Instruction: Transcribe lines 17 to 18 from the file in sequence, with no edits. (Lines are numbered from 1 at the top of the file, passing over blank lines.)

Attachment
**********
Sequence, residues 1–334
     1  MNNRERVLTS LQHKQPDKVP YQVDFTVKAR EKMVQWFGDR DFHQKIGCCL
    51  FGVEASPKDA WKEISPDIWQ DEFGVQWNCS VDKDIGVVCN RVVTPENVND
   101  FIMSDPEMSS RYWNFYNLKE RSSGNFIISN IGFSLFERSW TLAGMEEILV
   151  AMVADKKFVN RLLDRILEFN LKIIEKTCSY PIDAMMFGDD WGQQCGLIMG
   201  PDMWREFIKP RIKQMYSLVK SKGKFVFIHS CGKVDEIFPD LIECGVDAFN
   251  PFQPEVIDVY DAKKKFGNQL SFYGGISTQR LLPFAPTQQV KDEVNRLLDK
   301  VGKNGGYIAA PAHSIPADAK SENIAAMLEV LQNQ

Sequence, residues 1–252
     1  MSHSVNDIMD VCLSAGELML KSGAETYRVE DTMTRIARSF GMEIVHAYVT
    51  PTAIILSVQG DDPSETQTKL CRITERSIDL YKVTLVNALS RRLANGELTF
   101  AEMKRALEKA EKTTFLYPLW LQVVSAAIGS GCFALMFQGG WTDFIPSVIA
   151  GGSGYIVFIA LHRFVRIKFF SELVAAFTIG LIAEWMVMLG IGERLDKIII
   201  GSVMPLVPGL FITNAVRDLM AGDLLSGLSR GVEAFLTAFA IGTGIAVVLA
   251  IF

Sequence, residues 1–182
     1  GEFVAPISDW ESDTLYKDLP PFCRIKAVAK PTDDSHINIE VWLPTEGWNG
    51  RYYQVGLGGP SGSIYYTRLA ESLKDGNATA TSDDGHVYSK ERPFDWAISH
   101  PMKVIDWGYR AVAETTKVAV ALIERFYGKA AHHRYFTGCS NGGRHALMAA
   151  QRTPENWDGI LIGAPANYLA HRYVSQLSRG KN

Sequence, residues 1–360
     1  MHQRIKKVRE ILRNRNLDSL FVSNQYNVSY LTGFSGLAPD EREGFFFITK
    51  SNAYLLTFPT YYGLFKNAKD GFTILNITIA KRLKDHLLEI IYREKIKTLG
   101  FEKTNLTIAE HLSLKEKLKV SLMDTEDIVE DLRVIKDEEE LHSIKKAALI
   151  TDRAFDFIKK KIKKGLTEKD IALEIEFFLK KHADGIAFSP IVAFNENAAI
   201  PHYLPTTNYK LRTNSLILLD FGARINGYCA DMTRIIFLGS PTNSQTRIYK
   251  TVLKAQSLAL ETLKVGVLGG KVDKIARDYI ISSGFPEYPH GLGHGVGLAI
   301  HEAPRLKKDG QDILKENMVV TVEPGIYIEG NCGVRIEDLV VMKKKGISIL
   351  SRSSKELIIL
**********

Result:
     1  GEFVAPISDW ESDTLYKDLP PFCRIKAVAK PTDDSHINIE VWLPTEGWNG
    51  RYYQVGLGGP SGSIYYTRLA ESLKDGNATA TSDDGHVYSK ERPFDWAISH